Ensure your SSH server is secure with SSH Check
SSH servers are a very different story, however. While I've blogged about them before, I mainly focused on preventing unauthorised access to a server by methods such as password cracking attacks.
Now that I'm coming to the end of my Msc in Security and Distributed Computing, however, I've realised there's a crucial element missing here: the security of the connection itself. HTTPS isn't the only one with complicated cipher suites that it supports that need correctly configuring.
The solution here is to check the SSH server in the same way that we do for a HTTPS web server. For this though we need a tool to do this for us and tell us what's good and what's not about our configuration - which is where SSH Check comes in.
I discovered it recently, and it pretends to connect to an SSH server to gauge it's configuration - after which it quickly disconnects before the remote server asks it for credentials to login.
Because SSH allows for every stage of the encryption process to be configured individually, SSH Check tests 4 main areas:
- The key exchange algorithm (the algorithm used to exchange the secret key for symmetric encryption going forwards)
- The algorithms used in the server's host SSH keys (the key whose ID is shown to you when you connect asking you if you want to continue)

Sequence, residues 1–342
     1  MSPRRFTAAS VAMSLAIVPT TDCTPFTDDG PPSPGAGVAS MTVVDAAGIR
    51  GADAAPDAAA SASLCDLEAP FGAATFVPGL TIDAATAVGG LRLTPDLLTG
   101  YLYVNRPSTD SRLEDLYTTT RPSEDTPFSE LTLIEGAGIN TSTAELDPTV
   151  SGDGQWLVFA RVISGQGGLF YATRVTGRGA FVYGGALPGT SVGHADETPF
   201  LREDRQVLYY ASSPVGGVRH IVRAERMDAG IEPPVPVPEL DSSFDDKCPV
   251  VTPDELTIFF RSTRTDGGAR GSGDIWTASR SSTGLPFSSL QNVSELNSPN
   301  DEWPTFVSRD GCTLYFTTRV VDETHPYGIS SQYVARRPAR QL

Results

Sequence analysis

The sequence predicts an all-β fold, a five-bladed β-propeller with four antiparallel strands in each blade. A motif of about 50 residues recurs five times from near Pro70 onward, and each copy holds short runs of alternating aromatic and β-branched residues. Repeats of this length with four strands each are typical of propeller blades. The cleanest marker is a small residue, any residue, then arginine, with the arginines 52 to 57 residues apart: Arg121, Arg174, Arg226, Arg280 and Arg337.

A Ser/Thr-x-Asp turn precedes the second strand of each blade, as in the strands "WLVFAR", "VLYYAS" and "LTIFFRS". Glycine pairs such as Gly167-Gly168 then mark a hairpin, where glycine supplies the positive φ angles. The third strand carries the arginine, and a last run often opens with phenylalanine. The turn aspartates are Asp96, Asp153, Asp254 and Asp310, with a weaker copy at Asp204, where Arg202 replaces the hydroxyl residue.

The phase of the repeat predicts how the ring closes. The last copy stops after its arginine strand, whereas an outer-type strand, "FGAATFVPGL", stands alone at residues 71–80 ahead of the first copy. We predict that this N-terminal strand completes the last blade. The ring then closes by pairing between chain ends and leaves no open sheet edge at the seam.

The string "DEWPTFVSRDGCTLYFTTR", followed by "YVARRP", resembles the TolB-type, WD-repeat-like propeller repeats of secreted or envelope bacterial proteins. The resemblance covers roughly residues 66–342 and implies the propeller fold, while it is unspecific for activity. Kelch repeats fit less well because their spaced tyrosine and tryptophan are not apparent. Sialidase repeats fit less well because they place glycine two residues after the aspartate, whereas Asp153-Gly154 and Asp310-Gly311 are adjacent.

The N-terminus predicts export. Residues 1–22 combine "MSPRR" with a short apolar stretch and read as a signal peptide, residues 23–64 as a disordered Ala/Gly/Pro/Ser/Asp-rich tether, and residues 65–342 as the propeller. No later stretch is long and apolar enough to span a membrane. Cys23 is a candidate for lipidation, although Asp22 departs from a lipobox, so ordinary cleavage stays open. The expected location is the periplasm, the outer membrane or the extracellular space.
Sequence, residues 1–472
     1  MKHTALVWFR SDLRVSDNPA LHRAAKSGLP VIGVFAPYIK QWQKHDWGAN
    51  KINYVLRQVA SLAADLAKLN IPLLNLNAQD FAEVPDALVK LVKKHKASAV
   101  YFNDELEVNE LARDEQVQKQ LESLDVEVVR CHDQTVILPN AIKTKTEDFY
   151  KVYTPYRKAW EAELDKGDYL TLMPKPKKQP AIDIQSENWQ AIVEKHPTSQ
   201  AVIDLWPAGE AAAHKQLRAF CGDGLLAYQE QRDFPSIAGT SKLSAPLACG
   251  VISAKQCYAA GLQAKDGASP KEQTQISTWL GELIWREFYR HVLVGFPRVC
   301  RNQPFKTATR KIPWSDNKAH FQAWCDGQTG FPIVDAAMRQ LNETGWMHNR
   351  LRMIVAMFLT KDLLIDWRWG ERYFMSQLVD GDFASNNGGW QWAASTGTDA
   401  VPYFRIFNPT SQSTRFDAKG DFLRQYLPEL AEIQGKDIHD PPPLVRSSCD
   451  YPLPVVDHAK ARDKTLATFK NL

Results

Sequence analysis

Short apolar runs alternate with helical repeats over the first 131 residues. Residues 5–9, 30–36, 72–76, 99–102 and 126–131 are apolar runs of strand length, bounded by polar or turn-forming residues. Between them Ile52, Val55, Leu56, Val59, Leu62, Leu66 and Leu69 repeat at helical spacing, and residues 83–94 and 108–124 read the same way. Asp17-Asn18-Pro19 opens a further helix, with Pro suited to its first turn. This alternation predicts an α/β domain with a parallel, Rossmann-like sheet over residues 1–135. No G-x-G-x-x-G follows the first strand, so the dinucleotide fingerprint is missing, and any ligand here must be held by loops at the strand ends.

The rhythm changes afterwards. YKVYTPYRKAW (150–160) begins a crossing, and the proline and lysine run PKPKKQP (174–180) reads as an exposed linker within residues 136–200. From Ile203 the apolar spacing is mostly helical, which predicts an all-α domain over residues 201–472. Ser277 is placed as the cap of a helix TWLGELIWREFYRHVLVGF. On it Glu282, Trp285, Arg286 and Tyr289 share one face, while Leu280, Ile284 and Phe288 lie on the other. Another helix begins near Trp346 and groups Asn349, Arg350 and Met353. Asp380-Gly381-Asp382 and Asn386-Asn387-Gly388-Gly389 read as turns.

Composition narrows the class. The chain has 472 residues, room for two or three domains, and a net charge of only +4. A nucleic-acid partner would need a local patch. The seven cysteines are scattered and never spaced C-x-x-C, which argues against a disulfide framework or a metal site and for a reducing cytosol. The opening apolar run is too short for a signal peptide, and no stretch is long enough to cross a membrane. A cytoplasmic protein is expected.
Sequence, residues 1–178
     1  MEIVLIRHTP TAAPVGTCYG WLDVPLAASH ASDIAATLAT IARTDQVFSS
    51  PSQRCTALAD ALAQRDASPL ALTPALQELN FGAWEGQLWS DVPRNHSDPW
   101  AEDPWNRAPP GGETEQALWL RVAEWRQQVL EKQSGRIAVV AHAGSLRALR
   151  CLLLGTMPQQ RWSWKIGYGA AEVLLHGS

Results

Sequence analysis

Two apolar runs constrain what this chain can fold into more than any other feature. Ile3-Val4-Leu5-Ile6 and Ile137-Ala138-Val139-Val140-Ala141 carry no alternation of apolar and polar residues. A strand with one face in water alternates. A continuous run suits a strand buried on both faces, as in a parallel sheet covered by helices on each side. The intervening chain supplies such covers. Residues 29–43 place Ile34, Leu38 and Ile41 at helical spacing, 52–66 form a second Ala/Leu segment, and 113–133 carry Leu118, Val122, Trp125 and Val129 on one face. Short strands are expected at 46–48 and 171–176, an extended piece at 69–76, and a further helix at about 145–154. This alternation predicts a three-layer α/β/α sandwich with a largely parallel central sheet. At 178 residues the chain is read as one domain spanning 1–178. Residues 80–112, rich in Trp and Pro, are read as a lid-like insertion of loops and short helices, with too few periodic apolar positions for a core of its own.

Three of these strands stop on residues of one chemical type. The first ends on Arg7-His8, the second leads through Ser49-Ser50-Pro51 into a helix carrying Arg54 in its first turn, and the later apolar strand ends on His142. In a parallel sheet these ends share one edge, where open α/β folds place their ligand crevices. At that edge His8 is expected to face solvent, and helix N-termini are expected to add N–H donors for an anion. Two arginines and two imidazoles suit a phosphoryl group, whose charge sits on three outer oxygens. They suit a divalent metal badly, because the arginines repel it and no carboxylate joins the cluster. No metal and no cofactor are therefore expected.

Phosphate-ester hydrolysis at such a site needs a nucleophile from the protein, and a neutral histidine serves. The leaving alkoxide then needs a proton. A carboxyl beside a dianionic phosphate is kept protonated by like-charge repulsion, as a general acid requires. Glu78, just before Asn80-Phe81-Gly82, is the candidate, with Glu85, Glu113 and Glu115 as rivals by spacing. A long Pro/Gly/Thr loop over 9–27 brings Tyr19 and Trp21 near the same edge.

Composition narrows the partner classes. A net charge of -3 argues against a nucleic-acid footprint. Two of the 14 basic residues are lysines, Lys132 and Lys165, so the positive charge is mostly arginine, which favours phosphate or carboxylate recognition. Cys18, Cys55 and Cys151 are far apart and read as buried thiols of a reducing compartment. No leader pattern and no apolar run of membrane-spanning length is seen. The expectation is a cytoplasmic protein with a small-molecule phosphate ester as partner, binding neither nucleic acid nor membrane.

- The encryption algorithm (the symmetrical encryption algorithm used after key exchange)
- The MAC algorithm (the Message Authentication Code algorithm - used to ensure integrity of messages)
It displays whether each algorithm is considered safe or not, and which ones are widely considered to be either deprecated or contain backdoors. In addition, it also displays the technical names of each one so that you can easily reconfigure your SSH server to disable unsafe algorithms, which is nice (good luck deciphering the SSL Labs encryption algorithms list and matching it up to the list already configured in your web server......).
It also presents a bunch of other interesting information too, which is nice. It identified a number of potential issues with the way that I had SSH setup for starbeamrainbowlabs.com along with some suggested improvements, which I've now fixed.
If you have a server that you access via SSH, I recommend checking it with SSH Check - especially if you expose SSH publicly over the Internet.
Found this interesting? Got another testing tool you'd like to share? Comment below!